The NCWTS is back in action on March 29th at 2:30 PM (ET) when the trucks visit Martinsville Speedway in the Kroger 250, which can be seen on Fox Sports 1. Ratings for the season opener were up 11 percent.
Harvick Takes Win At Phoenix In Second Race With New Team
posted by Justin Tucker
Monday March 3, 2014
Phoenix International Raceway has become Kevin Harvick’s home away from home. Sunday Afternoon was no exception as Harvick charged to the front early and would dominate for much of the day, leading 224 of the scheduled 312 laps to record his record fifth win on the one mile oval and his third win in the last four races at Phoenix.
Harvick, coming off of a disappointing Speedweeks which was capped by a last lap crash in the Daytona 500 in his debut with Stewart-Haas Racing, set the tone on Saturday by winning both practices while having the best 5 and 10-lap averages in the first practice of the day on Saturday. On Sunday, Harvick and his No. 4 Jimmy John’s Chevrolet was nothing short of flawless as he was able to hold Dale Earnhardt, Jr. by .489 seconds after a late race restart to claim his 24th career Sprint Cup Series victory.
“Man, this is awesome,” Harvick said after his dominant victory on Sunday. “Man, this just solidifies so many things and so many decisions. It’s been so much work with all the time and effort that these guys (the crew) have put in—but what a race car.”
Stewart Haas Racing co-owner Gene Haas shared in Harvick’s excitement after the race.
“It took long enough,” Haas joked. “This is phenomenal. I think there was a lot of skepticism last year about what myself and Tony (Stewart) what we were up to, was there a lot of madness to this. Quite frankly, it’s a great team, there’s a lot of synergy at the shop, people working together. I don’t know what we did, but I think we put together a great organization.”
Daytona 500 winner Dale Earnhardt, Jr. continued his hot start to the 2014 season. Earnhardt Jr. would finish second on Sunday, marking his seventh consecutive top 10 finish since the end of the 2013 season. Earnhardt Jr. was pleased with the effort after a coast-to-coast whirlwind week after winning his second Daytona 500 and also gave great praise to the efforts of Harvick and the No. 4 team.
“I’ve got to congratulate Kevin. Those guys were two-tenths faster than everyone all weekend in practice. They were just phenomenal,” Earnhardt said. “To be able to run with them all day was a big confidence builder for us.”
Joining Harvick and Earnhardt in the top 5 of The Profit on CNBC 500K were Brad Keselowski with his second consecutive top 3 run of 2014 in third. Keselowski’s Team Penske teammate Joey Logano would finish fourth, and Jeff Gordon would come home fifth in his No. 24 Pepsi Max Chevrolet.
Jimmie Johnson finished in sixth, followed by Ryan Newman with a nice rebound after Daytona in seventh. Carl Edwards would carry the banner for Roush Fenway Racing by finishing eighth, Kyle Busch was ninth, and Jamie McMurray would finish tenth.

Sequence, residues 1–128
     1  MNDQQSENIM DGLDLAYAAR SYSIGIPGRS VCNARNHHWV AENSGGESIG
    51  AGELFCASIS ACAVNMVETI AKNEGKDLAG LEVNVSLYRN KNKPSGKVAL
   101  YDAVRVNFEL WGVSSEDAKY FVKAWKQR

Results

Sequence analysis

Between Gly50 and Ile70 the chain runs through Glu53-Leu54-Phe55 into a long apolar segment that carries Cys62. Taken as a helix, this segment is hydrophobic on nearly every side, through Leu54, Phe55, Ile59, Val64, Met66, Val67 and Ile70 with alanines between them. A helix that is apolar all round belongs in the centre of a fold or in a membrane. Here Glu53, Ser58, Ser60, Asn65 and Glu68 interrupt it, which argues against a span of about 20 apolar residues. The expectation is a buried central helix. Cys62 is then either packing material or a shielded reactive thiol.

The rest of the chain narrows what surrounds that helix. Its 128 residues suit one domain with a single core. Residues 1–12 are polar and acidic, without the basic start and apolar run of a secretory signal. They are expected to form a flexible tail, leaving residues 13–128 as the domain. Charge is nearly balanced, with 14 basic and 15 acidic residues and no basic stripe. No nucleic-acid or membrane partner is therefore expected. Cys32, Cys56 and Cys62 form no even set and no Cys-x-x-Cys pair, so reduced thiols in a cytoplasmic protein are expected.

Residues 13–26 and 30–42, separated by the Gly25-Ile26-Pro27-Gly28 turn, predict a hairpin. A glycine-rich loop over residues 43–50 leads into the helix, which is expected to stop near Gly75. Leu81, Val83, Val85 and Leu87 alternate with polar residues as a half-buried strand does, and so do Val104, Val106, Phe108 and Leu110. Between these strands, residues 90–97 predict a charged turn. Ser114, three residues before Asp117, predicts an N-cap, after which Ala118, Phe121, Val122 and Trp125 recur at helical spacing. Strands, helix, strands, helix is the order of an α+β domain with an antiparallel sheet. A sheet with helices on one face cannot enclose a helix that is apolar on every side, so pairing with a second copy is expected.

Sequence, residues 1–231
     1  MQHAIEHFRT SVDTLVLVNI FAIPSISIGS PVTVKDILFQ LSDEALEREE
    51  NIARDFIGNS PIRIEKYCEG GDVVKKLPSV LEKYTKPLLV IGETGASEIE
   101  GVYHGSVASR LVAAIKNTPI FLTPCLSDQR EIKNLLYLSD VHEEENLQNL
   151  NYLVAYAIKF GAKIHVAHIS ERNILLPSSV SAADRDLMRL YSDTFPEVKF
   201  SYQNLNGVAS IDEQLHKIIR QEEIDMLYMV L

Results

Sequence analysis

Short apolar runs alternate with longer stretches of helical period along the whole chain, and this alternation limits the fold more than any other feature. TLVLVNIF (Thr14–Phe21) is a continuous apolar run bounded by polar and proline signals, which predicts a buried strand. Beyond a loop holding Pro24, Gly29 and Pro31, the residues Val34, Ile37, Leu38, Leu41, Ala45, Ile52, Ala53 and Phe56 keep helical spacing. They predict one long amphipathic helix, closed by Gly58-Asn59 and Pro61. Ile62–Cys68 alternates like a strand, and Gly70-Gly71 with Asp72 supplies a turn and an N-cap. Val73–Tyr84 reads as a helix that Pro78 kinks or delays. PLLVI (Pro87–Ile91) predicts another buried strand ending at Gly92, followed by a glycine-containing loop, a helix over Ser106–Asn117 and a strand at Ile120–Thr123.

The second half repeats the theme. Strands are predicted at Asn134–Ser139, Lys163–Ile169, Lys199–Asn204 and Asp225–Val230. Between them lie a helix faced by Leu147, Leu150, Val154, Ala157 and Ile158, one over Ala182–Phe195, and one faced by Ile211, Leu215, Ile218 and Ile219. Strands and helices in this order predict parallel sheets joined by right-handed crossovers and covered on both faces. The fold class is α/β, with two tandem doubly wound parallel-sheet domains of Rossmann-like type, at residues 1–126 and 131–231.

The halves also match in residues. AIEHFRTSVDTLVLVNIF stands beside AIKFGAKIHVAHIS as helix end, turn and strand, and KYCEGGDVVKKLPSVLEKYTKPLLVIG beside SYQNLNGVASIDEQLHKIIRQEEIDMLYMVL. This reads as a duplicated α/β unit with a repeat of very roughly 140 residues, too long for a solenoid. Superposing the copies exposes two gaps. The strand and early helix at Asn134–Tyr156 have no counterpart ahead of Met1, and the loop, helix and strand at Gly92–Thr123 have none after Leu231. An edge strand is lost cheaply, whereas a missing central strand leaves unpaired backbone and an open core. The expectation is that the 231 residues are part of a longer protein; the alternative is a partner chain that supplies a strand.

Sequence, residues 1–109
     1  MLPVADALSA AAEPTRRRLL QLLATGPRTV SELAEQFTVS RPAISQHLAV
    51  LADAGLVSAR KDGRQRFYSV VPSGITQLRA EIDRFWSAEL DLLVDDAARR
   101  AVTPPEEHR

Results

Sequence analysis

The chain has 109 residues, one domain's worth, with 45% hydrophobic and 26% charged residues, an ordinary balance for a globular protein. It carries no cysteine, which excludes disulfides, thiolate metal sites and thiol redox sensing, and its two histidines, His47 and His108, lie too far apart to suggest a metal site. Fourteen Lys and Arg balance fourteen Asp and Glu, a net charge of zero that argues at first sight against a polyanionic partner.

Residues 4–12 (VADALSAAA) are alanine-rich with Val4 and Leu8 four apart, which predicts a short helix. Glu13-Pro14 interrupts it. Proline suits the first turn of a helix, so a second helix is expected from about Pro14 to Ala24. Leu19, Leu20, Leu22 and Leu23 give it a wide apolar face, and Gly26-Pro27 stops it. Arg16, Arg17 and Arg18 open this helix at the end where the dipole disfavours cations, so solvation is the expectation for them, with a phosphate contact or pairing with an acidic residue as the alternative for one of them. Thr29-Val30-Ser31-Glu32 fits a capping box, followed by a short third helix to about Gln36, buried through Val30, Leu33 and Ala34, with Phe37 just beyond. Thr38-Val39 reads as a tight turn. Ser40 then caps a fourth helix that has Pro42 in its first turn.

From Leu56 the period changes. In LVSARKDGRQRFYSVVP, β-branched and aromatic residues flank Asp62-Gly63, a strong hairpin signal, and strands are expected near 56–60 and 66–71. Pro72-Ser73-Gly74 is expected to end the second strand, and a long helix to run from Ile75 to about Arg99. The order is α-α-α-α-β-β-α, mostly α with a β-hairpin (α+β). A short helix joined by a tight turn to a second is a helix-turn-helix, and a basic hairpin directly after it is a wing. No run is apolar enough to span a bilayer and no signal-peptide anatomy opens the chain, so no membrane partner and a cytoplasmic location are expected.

A look at the Profit on CNBC 500K by the numbers. There were 14 lead changes among eight different drivers, there were eight cautions for 39 laps which slowed the race pace to 109.229 MPH.
Next Sunday, the Sprint Cup Series heads to Sin City and the Las Vegas Motor
Starting Lineup: The Profit On CNBC 500K
posted by Thomas Bowles
Saturday March 1, 2014
Drivers in RED (i) are those ineligible to collect Sprint Cup points
Daytona 500 TV Ratings Down
posted by Frontstretch Staff
Wednesday February 26, 2014
What was the longest weather delay in Daytona 500 history turned out to bring NASCAR lower ratings and TV viewership Sunday night than expected. According to a report Monday from FOX Sports, the 56th running of the Daytona 500 airing at 8 PM (ET) posted a 5.6/10 national household rating/share which averaged 9.3 million viewers. That’s down 44 percent from last year’s 9.9, easily making it the least-watched Daytona 500 of all-time.
Due to the six-hour, twenty-two minute rain delay in Daytona, the race was up against the primetime coverage of the Winter Olympics Closing Ceremony from Sochi, Russia on NBC (15.25 million viewers). FOX also reported that 69% of the pre-rain delay viewers of the race, which began at 1 PM (ET) kept tuning in.
In comparison, the 2013 Daytona 500 on FOX was the most-watched race in five years, posting a 9.9/22 rating/share, commanding 16.7 million viewers. The Daytona 500 in 2012, the first to ever be run on a Monday and in the primetime slot did a 7.7/13 overnight rating/share which resulted in 13.67 million households viewing the race according to Nielsen TV ratings data.
Earnhardt, Jr. Claims Second Daytona 500 Victory
posted by Justin Tucker
Wednesday February 26, 2014
Ten years is a long time. For Dale Earnhardt, Jr., it felt like an eternity. NASCAR’s Most Popular Driver endured many near misses and close calls at the Daytona 500 since his only win in the Great American Race in 2004. Earnhardt had finished second in two of his last three Daytona 500s coming into Sunday’s race. He was also riding the tail of a 55-race winless streak, dating back to Michigan in 2012.